28 Humeroradial Joint The resting, or open pack, position of the humeroradial joint is extension and forearm supination The resting, or open pack, position of the humeroradial joint is extension and forearm supination The closed pack position is approximately 90° of elbow flexion and 5° of supination The closed pack position is approximately 90° of elbow flexion and 5° of supination There is no true capsular pattern at this joint, although clinically an equal limitation of pronation and supination is observed There is no true capsular pattern at this joint, although clinically an equal limitation of pronation and supination is observed

29 Proximal Radioulnar Joint The resting, or open pack, position for the proximal radioulnar joint is 70  flexion and 35  of forearm supination The resting, or open pack, position for the proximal radioulnar joint is 70  flexion and 35  of forearm supination The closed pack position is 5  of forearm supination The closed pack position is 5  of forearm supination The capsular pattern is minimal to loss of motion, with pain at the end ranges of pronation and supination The capsular pattern is minimal to loss of motion, with pain at the end ranges of pronation and supination

30 Force Couples of the Elbow The triceps/biceps during arm extension and flexion The triceps/biceps during arm extension and flexion Flexor carpi radialis (FCR), flexor carpi ulnaris (FCU), flexor digitorum communis (FDC)/Extensor carpi radialis longus (ECRL), extensor carpi radialis brevis (ECRB), extensor communis (EC) during wrist flexion and extension Flexor carpi radialis (FCR), flexor carpi ulnaris (FCU), flexor digitorum communis (FDC)/Extensor carpi radialis longus (ECRL), extensor carpi radialis brevis (ECRB), extensor communis (EC) during wrist flexion and extension

31 Force Couples of the Elbow Pronator teres, pronator quadratus/supinator during forearm pronation and supination Pronator teres, pronator quadratus/supinator during forearm pronation and supination Triceps/biceps, brachioradialis; pronator teres/supinator; FCR, FCU/ECRB, ECRL during activities requiring elbow stabilization Triceps/biceps, brachioradialis; pronator teres/supinator; FCR, FCU/ECRB, ECRL during activities requiring elbow stabilization

32 Examination History History –During the history, the clinician must determine the chief complaint and whether there is a specific mechanism of injury Where is the pain? Where is the pain? Was there any antecedent trauma or overuse? Was there any antecedent trauma or overuse? Is there any paresthesia? Is there any paresthesia? What makes the symptoms better/worse What makes the symptoms better/worse

33 Examination Systems Review Systems Review –The clinician should be able to determine the suitability of the patient for physical therapy –If the clinician is concerned with any signs or symptoms of a visceral, vascular, neurogenic, psychogenic, spondylogenic or systemic disorder that is out of the scope of physical therapy, the patient should be referred to an appropriate healthcare provider

34 Examination Observation Observation –The affected elbow should be inspected for scars, deformities, and swelling –The clinician should observe the ‘carrying angle’ of the elbow and compare it to the other side

35 Examination Palpation Palpation –Because they are superficial, most of the elbow structures are easily palpable, making it easier for the clinician to pinpoint the specific area of pain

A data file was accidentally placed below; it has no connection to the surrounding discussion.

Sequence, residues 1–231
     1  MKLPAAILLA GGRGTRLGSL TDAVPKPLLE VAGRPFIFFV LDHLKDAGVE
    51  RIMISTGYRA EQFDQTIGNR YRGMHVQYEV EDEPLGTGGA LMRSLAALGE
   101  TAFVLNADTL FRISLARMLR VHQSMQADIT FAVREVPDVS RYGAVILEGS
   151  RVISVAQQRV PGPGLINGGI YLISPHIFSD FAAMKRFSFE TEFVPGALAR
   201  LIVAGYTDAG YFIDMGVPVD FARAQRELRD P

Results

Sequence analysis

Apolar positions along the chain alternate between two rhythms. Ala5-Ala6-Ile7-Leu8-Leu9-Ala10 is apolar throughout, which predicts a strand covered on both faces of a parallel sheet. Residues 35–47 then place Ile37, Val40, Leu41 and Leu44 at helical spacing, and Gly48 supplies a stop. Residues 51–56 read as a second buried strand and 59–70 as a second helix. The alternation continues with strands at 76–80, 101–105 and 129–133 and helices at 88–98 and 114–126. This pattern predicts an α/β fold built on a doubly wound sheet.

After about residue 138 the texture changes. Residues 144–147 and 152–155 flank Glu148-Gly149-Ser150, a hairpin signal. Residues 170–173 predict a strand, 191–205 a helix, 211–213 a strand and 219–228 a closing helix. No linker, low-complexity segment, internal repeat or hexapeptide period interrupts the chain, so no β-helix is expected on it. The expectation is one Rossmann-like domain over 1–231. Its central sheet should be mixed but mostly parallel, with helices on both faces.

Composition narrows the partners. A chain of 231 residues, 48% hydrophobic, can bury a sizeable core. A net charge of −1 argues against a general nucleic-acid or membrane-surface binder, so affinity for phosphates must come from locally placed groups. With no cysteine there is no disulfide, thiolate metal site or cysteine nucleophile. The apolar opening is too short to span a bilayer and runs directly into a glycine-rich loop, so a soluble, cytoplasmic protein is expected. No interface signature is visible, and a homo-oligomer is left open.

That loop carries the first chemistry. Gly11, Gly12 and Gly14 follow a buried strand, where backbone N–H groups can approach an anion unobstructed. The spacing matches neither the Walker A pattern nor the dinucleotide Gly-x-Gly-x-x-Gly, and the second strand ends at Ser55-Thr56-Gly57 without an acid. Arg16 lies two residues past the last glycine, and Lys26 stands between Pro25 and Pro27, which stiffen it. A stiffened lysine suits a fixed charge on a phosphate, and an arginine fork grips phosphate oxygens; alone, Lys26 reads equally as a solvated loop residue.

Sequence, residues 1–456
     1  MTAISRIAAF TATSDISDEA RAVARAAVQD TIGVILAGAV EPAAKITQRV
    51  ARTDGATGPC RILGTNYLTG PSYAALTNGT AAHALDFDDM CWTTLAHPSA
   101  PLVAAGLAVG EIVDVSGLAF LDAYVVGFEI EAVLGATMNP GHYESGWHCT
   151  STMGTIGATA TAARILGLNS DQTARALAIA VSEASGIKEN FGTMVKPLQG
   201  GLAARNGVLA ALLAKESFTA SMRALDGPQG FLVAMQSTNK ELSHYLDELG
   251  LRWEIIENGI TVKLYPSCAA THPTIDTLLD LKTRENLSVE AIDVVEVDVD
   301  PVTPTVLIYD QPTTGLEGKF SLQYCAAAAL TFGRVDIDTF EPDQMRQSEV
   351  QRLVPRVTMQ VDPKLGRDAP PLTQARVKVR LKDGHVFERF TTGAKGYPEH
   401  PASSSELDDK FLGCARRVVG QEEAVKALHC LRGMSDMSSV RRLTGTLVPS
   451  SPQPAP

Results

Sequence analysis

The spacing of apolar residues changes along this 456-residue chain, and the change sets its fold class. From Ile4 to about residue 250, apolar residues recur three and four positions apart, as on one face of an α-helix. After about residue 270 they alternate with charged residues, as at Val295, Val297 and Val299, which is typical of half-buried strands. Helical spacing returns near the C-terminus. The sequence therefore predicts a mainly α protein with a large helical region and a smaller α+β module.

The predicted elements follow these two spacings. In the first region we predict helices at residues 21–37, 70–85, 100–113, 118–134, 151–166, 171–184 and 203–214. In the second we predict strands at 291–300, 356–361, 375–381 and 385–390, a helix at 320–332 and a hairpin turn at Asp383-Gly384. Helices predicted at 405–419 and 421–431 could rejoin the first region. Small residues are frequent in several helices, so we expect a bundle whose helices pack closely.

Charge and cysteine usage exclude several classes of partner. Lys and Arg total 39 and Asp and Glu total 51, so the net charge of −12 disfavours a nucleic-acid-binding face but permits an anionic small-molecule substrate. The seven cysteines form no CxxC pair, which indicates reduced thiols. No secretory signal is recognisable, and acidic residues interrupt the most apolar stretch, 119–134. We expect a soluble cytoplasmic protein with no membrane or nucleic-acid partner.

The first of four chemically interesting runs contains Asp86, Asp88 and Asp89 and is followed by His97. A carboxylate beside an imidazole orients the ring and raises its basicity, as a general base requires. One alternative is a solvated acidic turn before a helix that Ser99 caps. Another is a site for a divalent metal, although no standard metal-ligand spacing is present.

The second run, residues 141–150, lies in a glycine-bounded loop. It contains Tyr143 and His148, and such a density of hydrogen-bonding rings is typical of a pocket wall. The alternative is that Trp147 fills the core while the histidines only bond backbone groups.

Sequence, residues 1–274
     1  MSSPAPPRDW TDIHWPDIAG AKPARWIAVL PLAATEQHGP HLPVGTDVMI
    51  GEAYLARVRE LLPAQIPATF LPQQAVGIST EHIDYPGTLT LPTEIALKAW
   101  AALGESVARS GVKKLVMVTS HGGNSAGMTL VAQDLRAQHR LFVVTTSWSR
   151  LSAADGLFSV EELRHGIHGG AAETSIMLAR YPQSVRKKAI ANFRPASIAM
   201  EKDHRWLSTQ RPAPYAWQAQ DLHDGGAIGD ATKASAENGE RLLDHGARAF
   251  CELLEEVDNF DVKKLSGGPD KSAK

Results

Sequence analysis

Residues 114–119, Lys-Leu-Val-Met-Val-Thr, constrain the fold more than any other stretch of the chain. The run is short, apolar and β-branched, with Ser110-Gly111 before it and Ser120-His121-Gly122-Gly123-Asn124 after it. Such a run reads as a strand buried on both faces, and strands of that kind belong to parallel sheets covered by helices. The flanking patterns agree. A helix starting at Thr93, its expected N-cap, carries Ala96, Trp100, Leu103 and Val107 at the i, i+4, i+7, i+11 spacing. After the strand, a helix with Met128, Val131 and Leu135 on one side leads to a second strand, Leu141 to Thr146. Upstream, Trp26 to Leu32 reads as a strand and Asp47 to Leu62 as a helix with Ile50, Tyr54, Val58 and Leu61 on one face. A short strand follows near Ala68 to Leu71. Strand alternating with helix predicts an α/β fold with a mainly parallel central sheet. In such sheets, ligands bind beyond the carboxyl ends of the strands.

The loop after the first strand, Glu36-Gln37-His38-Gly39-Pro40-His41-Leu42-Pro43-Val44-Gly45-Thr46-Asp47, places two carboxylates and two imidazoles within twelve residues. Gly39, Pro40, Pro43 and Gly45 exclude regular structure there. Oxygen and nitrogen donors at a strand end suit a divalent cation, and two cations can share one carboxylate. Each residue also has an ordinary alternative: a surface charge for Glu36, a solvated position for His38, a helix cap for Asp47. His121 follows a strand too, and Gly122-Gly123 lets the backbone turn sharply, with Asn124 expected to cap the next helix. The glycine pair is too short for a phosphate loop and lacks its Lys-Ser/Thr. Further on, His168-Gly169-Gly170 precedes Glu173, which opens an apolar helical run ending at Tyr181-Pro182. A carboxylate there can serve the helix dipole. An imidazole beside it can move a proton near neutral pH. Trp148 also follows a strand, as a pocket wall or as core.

36 Examination Active range of motion with passive overpressure Active range of motion with passive overpressure –It is important to determine how much range of motion (ROM) is necessary for the patient to perform his or her job and recreational activities –The patient is asked to perform active flexion, extension of the elbow, pronation and supination of the forearm, and wrist flexion and extension. The ranges are recorded

37 Examination Resistive testing Resistive testing –In addition to all of the shoulder muscles that insert at or near the elbow (biceps, brachialis, triceps), the clinician must also test the muscles responsible for elbow flexion, and extension, forearm supination, pronation, and wrist flexion and extension

38 Examination Functional assessment Functional assessment –A number of tests have been designed to assess elbow function

39 Examination Passive articular motion testing Passive articular motion testing –The ulnohumeral joint –The radiohumeral joint –The proximal radioulnar joint –The distal radioulnar joint

40 Examination Stress tests Stress tests –Medial (ulnar) collateral ligament (valgus test) –Lateral (radial) collateral ligament (varus test)

41 Examination Special tests Special tests –Tennis elbow tests Cozen’s test Cozen’s test Mill’s test Mill’s test –Golfer’s Elbow test –Cubital tunnel syndrome tests Elbow flexion Elbow flexion Pressure provocative test Pressure provocative test –Tinel’s Sign (at the elbow)

42 Intervention Strategies Acute Phase Acute Phase –Protection of the injury site –Restoration of pain-free range of motion in the entire kinetic chain –Improve patient comfort by decreasing pain and inflammation –Retard muscle atrophy –Minimize detrimental effects of immobilization and activity restriction –Maintain general fitness –Patient to be independent with home exercise program

43 Intervention Strategies Functional Phase Functional Phase –Attain full range of pain free motion –Restore normal joint kinematics –Improve muscle strength to within normal limits –Improve neuromuscular control –Restore normal muscle force couples